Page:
Your coworkers? Dad's golf buddy? Who's in and who's out? When it comes to creating the guest list, you'll want to tackle this task early—your numbers will affect your venue and many other decisions. We asked planners Bryan Rafanelli and Ivy Robinson to weigh in on some common conundrums.
We don't want kids at our wedding. How do we let people know?
Common sense and etiquette say that only those named on the invitation are invited. But it pays to be more direct: "Have the biggest family gossip start spreading the news," Robinson says. Putting "adults only" on your invitation may be inappropriate, but you can "share the information on your wedding website," Rafanelli suggests. "And over-serve your guests with information on babysitters at the hotel." If you're still concerned that certain guests will think their kids are invited, give them a call. "Being passive about your wishes will only result in hurt feelings," Rafanelli says.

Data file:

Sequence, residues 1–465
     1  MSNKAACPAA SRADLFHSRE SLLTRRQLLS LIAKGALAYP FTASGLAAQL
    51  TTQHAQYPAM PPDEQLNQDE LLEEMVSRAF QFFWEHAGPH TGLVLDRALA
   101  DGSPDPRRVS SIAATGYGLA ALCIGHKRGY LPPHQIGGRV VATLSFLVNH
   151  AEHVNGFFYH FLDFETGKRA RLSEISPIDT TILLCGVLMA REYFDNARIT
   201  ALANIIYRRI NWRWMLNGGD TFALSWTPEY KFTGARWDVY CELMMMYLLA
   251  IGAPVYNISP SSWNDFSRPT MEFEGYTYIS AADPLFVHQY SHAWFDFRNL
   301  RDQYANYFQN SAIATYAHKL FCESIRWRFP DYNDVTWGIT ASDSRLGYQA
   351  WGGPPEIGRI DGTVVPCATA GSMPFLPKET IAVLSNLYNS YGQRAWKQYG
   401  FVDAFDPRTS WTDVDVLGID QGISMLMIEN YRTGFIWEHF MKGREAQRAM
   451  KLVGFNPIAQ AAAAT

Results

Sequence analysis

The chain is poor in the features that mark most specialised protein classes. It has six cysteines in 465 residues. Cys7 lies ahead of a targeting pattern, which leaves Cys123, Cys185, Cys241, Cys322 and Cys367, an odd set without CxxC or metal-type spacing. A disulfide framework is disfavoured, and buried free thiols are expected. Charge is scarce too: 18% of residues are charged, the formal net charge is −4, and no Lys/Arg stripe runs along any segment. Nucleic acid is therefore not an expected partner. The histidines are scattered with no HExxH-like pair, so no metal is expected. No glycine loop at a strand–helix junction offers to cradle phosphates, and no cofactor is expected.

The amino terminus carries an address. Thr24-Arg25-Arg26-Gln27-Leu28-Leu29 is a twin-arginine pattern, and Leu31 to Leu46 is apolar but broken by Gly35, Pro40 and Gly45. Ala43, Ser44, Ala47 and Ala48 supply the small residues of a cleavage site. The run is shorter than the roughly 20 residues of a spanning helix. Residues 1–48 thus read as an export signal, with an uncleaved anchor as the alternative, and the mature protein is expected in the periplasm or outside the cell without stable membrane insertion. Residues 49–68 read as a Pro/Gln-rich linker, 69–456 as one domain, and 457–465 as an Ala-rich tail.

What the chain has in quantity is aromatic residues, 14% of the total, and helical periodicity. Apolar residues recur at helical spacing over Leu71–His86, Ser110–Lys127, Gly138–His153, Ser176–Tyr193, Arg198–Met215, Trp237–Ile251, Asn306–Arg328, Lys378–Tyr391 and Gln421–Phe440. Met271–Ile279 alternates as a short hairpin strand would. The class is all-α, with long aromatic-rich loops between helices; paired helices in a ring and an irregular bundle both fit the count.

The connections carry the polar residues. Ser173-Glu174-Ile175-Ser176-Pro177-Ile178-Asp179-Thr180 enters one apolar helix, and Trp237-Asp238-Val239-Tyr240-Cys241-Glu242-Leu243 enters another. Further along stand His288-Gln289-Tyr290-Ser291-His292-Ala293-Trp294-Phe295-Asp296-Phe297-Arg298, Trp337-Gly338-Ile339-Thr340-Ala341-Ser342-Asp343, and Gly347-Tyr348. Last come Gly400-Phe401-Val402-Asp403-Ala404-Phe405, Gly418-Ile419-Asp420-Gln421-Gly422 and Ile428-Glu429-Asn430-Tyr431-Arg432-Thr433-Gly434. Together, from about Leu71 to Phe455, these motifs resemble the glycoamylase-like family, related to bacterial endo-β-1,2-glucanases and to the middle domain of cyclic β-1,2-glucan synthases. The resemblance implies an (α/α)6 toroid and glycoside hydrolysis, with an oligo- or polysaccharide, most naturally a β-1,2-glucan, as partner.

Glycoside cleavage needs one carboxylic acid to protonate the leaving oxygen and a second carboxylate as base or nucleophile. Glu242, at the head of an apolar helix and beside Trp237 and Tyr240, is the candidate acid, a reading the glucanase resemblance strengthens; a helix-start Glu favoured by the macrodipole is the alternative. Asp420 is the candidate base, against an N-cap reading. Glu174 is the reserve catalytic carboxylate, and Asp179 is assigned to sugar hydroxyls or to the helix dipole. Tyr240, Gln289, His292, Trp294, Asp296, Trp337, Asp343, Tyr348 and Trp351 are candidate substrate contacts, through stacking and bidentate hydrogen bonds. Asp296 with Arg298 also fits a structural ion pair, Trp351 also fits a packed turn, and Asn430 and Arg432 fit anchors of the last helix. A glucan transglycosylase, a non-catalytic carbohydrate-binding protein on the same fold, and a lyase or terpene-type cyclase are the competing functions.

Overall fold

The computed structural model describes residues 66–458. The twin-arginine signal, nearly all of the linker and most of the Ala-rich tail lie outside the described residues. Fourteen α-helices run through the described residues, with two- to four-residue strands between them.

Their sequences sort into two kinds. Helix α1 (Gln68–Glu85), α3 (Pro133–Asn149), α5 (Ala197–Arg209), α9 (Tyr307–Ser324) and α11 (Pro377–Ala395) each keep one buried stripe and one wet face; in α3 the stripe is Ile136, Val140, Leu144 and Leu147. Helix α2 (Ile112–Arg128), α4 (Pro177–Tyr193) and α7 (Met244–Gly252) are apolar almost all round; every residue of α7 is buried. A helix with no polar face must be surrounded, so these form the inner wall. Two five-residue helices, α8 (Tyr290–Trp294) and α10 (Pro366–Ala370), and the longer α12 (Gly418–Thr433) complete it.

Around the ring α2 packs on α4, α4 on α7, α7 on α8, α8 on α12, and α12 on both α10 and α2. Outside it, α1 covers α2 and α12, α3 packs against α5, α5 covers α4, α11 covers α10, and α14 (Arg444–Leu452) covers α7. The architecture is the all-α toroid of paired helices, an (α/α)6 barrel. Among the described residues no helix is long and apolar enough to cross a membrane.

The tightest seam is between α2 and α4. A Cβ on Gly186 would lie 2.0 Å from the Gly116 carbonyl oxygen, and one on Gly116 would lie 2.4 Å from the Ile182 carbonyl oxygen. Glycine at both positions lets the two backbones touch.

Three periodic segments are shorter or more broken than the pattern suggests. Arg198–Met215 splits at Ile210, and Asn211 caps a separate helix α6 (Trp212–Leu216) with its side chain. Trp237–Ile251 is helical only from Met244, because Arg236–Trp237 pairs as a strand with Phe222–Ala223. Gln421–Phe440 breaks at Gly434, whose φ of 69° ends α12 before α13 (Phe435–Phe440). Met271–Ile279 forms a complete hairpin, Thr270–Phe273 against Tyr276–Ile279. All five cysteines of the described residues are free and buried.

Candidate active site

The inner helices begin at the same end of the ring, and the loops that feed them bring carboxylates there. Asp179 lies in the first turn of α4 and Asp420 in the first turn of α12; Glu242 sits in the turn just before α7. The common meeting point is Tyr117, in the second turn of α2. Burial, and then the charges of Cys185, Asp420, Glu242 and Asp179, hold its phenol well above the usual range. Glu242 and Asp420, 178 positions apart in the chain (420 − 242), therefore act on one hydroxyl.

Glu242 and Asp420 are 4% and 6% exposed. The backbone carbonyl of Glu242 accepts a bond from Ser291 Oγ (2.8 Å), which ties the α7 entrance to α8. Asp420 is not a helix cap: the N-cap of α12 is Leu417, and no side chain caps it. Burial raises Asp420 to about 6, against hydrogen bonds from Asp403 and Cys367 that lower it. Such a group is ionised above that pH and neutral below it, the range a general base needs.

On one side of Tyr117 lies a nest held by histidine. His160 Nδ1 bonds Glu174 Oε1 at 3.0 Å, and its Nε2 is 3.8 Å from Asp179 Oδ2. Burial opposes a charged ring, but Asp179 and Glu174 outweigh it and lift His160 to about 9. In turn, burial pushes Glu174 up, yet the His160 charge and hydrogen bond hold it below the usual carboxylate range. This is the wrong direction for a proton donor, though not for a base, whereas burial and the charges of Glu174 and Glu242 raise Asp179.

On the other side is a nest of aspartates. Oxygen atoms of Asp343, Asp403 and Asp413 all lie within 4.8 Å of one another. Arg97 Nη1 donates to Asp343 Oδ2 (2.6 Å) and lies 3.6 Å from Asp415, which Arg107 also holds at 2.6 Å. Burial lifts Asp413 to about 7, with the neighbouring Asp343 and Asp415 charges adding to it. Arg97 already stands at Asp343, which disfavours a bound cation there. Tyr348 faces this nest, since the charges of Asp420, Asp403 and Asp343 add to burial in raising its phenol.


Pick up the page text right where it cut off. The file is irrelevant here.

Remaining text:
We don't know where to draw the line when inviting coworkers.
This can be tricky. "If the office is really small, then it's all-in or all-out," says Robinson, "unless you want to sneak your BFF coworker an invite." Rafanelli sees more gray area, and says at a smaller wedding, it's okay to invite select coworkers. "It's a good idea to ask them not to discuss the wedding with colleagues so that no feelings get hurt," he says.
Our parents want to invite people we've never met.
"If the parents are paying, it's hard to say no," says Rafanelli. At a larger wedding, or one where you're splitting costs, you might divide up the total guest count and allot each person a specific number of invites. But if you're hosting, you can limit the list—and it's diplomatic to say you want to share the day only with people you personally know. "Then Mom and Dad can host their own party later," suggests Robinson.
Who should get a plus-one?
"If a guest has a significant other," says Rafanelli, "then it's important to include that person." It's best to put his or her name on the invitation. That said, "most single folks don't want to roll up to a wedding solo," notes Robinson, "so it's a nice gesture to add a plus-one for single guests, unless there's a secret plot to set them up with bridesmaids or groomsmen." (The reply card is a good place to invite a plus-one, by including a line for that person's name.) If someone replies with an uninvited extra? "It's appropriate to send a note saying that you're keeping the wedding intimate and are looking forward to seeing close friends," Rafanelli says.